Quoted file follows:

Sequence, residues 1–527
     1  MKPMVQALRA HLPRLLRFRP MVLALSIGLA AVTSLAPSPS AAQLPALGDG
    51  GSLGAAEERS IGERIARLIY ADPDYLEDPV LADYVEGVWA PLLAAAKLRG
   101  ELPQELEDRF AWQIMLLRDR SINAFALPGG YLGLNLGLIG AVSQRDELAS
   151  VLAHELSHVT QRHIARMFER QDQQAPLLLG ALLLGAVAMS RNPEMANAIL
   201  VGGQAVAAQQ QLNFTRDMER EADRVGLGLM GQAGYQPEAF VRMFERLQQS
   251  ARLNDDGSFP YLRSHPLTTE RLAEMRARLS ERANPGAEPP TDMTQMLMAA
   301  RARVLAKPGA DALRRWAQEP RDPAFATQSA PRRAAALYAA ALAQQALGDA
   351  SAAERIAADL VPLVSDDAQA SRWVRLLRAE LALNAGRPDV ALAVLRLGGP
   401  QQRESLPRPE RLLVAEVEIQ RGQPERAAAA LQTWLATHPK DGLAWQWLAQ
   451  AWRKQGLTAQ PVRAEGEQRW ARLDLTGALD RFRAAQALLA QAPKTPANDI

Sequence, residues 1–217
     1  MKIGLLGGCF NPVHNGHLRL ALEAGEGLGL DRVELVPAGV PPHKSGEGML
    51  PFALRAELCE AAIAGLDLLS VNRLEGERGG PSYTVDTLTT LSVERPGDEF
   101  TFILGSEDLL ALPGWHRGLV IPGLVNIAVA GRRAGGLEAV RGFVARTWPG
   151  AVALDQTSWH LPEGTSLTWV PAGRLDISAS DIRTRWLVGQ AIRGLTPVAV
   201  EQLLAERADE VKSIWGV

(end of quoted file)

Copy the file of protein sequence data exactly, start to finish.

Sequence, residues 1–527
     1  MKPMVQALRA HLPRLLRFRP MVLALSIGLA AVTSLAPSPS AAQLPALGDG
    51  GSLGAAEERS IGERIARLIY ADPDYLEDPV LADYVEGVWA PLLAAAKLRG
   101  ELPQELEDRF AWQIMLLRDR SINAFALPGG YLGLNLGLIG AVSQRDELAS
   151  VLAHELSHVT QRHIARMFER QDQQAPLLLG ALLLGAVAMS RNPEMANAIL
   201  VGGQAVAAQQ QLNFTRDMER EADRVGLGLM GQAGYQPEAF VRMFERLQQS
   251  ARLNDDGSFP YLRSHPLTTE RLAEMRARLS ERANPGAEPP TDMTQMLMAA
   301  RARVLAKPGA DALRRWAQEP RDPAFATQSA PRRAAALYAA ALAQQALGDA
   351  SAAERIAADL VPLVSDDAQA SRWVRLLRAE LALNAGRPDV ALAVLRLGGP
   401  QQRESLPRPE RLLVAEVEIQ RGQPERAAAA LQTWLATHPK DGLAWQWLAQ
   451  AWRKQGLTAQ PVRAEGEQRW ARLDLTGALD RFRAAQALLA QAPKTPANDI

Sequence, residues 1–217
     1  MKIGLLGGCF NPVHNGHLRL ALEAGEGLGL DRVELVPAGV PPHKSGEGML
    51  PFALRAELCE AAIAGLDLLS VNRLEGERGG PSYTVDTLTT LSVERPGDEF
   101  TFILGSEDLL ALPGWHRGLV IPGLVNIAVA GRRAGGLEAV RGFVARTWPG
   151  AVALDQTSWH LPEGTSLTWV PAGRLDISAS DIRTRWLVGQ AIRGLTPVAV
   201  EQLLAERADE VKSIWGV